The third of five movies on this list that express the inner life of a powerful female character, Krisha is the debut of Trey Edward Shults. Shot in nine days at Shults’ parents’ house, it stars his real-life aunt Krisha Fairchild as the fictional title character, a 60-something addict reuniting with her family for a tumultuous Thanksgiving after many years away. With elegant camera movement and impressive POV shots that belie its micro-budget, Krisha embeds us in its main character’s fear and anxiety, but generates an enormous amount of empathy as well. The movie is intense, heartbreaking, and a true wonder of creative will, so it’s no surprise that it won the Independent Spirit John Cassavetes Award.

5. American Honey

From Krisha’s brisk, 81-minute extended-family nightmare, let’s head to the 160-minute wanderlust of Andrea Arnold’s impressionistic road-trip movie, in which an aimless but resourceful young Midwestern woman finds support and love in a family of a different kind. First-time actress Sasha Lane takes up with a hard-partying group of traveling magazine sales kids, headed by Shia LaBeouf — who has never been better — and learns all the life lessons you’ve seen a million times in other coming-of-age movies, but never before with such aching realism.

4. Moonlight

This beautifully rendered drama is considered a front-runner for Best Picture come February, and rightfully so. Writer-director Barry Jenkins has created a deceptively simple and lovely portrait — told in three stages with three different actors playing the part — of a young African-American boy growing up gay in Miami with a drug-dealing mentor and a drug-addicted mother. It sounds overbearingly “indie,” I know, but Moonlight avoids every cliché and is sophisticated beyond its budget.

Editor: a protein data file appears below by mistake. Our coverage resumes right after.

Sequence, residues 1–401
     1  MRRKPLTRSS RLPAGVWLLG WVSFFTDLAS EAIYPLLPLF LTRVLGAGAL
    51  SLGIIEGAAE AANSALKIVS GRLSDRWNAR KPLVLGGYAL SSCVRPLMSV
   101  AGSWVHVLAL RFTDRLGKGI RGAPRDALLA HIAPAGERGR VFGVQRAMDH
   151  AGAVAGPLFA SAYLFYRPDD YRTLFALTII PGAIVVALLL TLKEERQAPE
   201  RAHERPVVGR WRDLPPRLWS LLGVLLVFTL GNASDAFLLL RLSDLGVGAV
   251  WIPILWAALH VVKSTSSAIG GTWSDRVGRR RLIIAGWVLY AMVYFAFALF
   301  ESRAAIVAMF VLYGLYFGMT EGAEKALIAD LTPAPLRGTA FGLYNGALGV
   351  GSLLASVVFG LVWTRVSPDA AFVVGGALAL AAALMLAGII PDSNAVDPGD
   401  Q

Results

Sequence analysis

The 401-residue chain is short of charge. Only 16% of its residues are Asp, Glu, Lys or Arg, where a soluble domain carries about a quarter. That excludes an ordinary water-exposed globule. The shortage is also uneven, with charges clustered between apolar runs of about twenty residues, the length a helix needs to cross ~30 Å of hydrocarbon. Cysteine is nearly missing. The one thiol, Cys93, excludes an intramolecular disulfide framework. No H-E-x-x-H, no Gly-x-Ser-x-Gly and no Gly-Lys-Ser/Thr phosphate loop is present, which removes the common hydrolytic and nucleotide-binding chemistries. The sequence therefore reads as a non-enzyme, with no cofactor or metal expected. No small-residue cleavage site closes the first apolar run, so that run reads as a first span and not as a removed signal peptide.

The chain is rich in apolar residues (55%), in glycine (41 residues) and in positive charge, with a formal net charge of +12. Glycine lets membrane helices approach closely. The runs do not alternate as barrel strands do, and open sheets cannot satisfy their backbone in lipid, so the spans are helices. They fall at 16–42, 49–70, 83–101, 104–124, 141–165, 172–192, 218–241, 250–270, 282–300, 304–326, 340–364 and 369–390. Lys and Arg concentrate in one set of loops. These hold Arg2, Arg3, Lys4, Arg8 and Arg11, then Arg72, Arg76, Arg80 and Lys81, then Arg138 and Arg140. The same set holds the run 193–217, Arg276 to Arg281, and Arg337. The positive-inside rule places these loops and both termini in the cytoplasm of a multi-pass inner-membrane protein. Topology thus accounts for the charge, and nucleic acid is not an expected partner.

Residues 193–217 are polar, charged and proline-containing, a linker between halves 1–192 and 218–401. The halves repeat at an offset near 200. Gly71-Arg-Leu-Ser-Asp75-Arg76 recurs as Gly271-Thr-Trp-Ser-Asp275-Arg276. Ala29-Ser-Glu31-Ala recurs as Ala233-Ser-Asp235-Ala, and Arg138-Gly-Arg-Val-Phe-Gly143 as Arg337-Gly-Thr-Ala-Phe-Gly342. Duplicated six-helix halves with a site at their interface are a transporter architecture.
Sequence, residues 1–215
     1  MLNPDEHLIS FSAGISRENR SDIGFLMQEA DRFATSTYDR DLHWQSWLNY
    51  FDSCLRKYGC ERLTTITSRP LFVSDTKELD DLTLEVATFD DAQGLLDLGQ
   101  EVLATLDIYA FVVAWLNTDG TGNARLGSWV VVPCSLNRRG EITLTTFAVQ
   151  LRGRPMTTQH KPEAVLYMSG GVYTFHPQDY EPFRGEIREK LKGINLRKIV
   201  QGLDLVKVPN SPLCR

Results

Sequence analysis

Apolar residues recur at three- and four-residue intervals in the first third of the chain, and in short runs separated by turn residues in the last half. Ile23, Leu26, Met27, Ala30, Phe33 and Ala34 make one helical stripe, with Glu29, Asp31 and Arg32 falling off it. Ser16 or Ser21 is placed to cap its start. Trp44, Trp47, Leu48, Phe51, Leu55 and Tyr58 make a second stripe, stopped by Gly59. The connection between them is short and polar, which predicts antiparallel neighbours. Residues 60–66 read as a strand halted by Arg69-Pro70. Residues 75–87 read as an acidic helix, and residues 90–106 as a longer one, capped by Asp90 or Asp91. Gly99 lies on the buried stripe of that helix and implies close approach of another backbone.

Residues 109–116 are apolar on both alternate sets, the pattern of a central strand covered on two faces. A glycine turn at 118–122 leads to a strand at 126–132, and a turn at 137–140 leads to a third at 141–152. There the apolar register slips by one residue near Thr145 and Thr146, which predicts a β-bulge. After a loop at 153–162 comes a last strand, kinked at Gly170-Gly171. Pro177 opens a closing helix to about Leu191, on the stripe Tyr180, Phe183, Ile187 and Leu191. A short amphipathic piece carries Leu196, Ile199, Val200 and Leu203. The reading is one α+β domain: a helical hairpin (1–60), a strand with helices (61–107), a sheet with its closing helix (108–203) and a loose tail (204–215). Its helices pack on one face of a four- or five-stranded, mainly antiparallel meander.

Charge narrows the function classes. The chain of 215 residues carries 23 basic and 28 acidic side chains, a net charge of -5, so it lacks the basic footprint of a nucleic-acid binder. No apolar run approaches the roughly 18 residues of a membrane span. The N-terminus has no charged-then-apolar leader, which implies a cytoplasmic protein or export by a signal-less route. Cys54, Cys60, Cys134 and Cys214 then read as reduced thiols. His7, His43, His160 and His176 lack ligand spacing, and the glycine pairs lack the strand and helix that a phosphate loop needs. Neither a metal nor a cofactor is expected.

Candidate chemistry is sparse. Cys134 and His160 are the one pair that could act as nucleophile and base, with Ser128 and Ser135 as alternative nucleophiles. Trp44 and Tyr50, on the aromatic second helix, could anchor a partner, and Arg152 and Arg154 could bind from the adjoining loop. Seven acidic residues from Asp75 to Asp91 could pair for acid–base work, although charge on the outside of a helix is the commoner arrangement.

3. Toni Erdmann

A stressed-out German businesswoman in Bucharest (Sandra Huller). Her untethered father (Peter Simonischeck), a semi-retired music teacher who likes to play practical jokes. The unspoken back and forth between them as they play various roles during her business dealings. These elements make up Toni Erdmann, a truly original comedy with a hugely absurd premise that stays on the level of realistic human compassion and relatability. Writer-director Maren Ade takes 162 minutes to flesh out the strained relationship at the story’s center, and it feels long sometimes; still, there isn’t a moment I’d cut out of this sublime movie. (It’s slated to open in KC sometime next month.)

2. Manchester by the Sea

Writer-director Kenneth Lonergan cements himself as the heir to the long-vacated throne of James L. Brooks (Terms of Endearment, Broadcast News) when it comes to blending a big helping of godawful tragedy with a smaller dose of inappropriate comedy in this multilayered exploration of one man’s grief. Casey Affleck is at his career best as a reluctant father figure to his recently deceased brother’s teenage kid. All around the pair are reverberations of small-town attitudes that play by turns brutally funny and agonizing. Manchester by the Sea thrills in the incongruities of human beings and thwarts the fake-redemptive narratives of so many movies before it to become brilliantly alive.

1. The Lobster

This is the most romantic, delicate and perceptive movie about intimate relationships since Spike Jonze’s Her. Yes, it takes place in a dystopian alternate reality, but Yorgos Lanthimos’ English-language debut is humanist in a Kurt Vonnegut way, and the filmmaking envelops you within its own firm logic. The premise: Citizens have 45 days to find a perfect romantic match or be turned into an animal. Colin Farrell is in full schlub mode as he navigates this no-win situation, and Lanthimos pokes fun at every modern notion of what a successful relationship looks like. When Farrell finds a kindred spirit in Rachel Weisz, it’s a sweet antidote to the sourness of their situation, and the desire to see them happy overrides everything. No other film this year so eloquently points out the flaws in our interpersonal ideals while so movingly embracing them. It deserves to be revisited over and over. 

Categories: Movies